So, yesterday, in case I start chemo tomorrow, my family (My mom, my dad, and my brother) and I went out to my favorite restaurant to have a good meal (Spoilers: It was amazing, just as expected). Pictures of the food will come later, when I can get on my desktop to resize them so I can upload them here, to the blog.
Today, I was doing something that my doctor told me I shouldn’t do – look up information about NK Cell LGL Leukemia or Lymphoma online. Oops. But I found some useful information, especially from an article from the journal Blood (Seems more a journal for vampires, rather than hematologists, but whatever) from 2011 – I forget the name of the doctor who authored the article, but it was titled “How I Treat LGL Leukemia” I believe. From that, I gained some useful information, such as: If an oral chemotherapy drug does not work within four months of starting it, it is considered a failed treatment. If it works within four months, chemo will last for 6-12 months (Whether it is 6-12 months more or 6-12 months on top of the 4 months already conducted is a mystery to me) – so I now know a little bit more about what I have (I keep wanting to call it cancer, but I think the doctor is right with his mindset that it should be referred to by its name – I just need to think of a good shorthand for it. Any ideas?).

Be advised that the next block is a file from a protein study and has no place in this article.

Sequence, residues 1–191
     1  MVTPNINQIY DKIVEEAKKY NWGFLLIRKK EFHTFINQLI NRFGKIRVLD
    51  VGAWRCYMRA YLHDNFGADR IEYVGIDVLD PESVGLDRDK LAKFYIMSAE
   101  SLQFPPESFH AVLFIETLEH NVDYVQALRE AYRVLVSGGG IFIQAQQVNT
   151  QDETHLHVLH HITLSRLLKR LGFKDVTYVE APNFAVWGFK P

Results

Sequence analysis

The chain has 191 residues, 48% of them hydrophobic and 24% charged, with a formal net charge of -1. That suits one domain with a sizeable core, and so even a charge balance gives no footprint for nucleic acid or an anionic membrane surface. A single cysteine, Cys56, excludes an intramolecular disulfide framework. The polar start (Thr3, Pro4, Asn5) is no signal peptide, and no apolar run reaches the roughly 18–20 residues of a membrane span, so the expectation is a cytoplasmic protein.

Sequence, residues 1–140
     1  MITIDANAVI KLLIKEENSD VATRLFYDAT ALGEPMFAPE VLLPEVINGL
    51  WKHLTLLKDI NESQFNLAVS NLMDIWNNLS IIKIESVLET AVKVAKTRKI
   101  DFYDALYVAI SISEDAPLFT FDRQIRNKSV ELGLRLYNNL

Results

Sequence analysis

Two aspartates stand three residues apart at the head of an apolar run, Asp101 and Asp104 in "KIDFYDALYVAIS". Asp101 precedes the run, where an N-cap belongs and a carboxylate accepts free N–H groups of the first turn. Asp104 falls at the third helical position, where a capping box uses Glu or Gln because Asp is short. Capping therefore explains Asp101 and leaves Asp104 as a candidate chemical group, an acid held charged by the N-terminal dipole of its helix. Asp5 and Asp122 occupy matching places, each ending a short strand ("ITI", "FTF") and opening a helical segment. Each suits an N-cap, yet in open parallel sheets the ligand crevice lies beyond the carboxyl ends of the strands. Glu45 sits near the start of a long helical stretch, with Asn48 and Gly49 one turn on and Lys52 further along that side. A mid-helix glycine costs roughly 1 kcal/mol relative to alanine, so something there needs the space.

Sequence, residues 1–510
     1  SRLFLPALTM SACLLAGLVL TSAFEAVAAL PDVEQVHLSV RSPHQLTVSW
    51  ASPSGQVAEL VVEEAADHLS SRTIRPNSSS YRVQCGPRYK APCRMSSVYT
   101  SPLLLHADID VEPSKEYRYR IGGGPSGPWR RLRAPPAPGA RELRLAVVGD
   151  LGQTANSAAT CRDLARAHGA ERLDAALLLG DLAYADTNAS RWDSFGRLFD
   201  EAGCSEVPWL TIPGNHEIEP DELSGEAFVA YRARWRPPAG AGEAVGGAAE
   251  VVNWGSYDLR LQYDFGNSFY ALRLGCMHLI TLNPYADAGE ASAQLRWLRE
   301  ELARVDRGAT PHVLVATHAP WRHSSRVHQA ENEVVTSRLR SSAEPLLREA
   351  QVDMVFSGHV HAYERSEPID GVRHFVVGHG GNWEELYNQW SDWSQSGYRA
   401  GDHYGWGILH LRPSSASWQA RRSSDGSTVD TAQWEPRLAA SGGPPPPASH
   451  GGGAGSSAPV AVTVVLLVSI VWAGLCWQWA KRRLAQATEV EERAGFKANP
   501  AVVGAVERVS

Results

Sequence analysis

Tomorrow, my aunt should arrive at my house at around 11 AM and then will drive my mom, my brother, and I into New York City, then my dad will meet us at the office (as he works in NYC) for the long period of waiting that we will have to endure (He is double and triple booked the morning of my appointment, yay).
So tomorrow, expect an update about me, most likely detailing what I have – either NK Cell LGL Leukemia or NK Cell LGL Lymphoma, and maybe when I will start chemo, and what is going on with that.
Now, osme of you may wonder, “How do you feel?”
If you were to ask me in person, I would most likely say “Well, do you mean physically or psychologically?”
To the former, I would say “Well, currently I feel a bit of pain in my back (It is difficult to get comfortable when you have been lying on a couch for almost 30 days – only getting up to go to the bathroom or go to bed), my hip is a bit stiff, and I feel a bit tired (Yay, fatigue!).” I’d take a nap, but I have to be asleep early enough to wake up at 9 AM (as I like to wait an hour after waking to eat, otherwise my stomach gets unsettled).
To the latter, I might say “Honestly, I feel nothing. I am sort of ambivalent, really. I’ve had so much medical stuff hapen to me in my life that this is just another medical rarity/mystery/enigma to occur. Of course I get the super rare cancer, I never get anything simple.” Honestly, I find it sort of humorous, in a dark comedy kind of way. But to tell the truth, if you are someone reading this blog facing a big medical issue, like cancer, or disability, for the first time in your life, here’s my trick to staying so upbeat: No matter what has happened, there are still good things out there, so don’t lose hope. Think about all the things you might miss out on if you just up and gave up – some things I like to think about are my favorite TV shows (Two of my favorites? Game of Thrones and Person of Interest), video games that I enjoy or am looking forward to, movie franchises that I enjoy or am looking forward too, or all the friends I have made online who would be, or other things important to me. So if you are feeling down, just think of things that you like.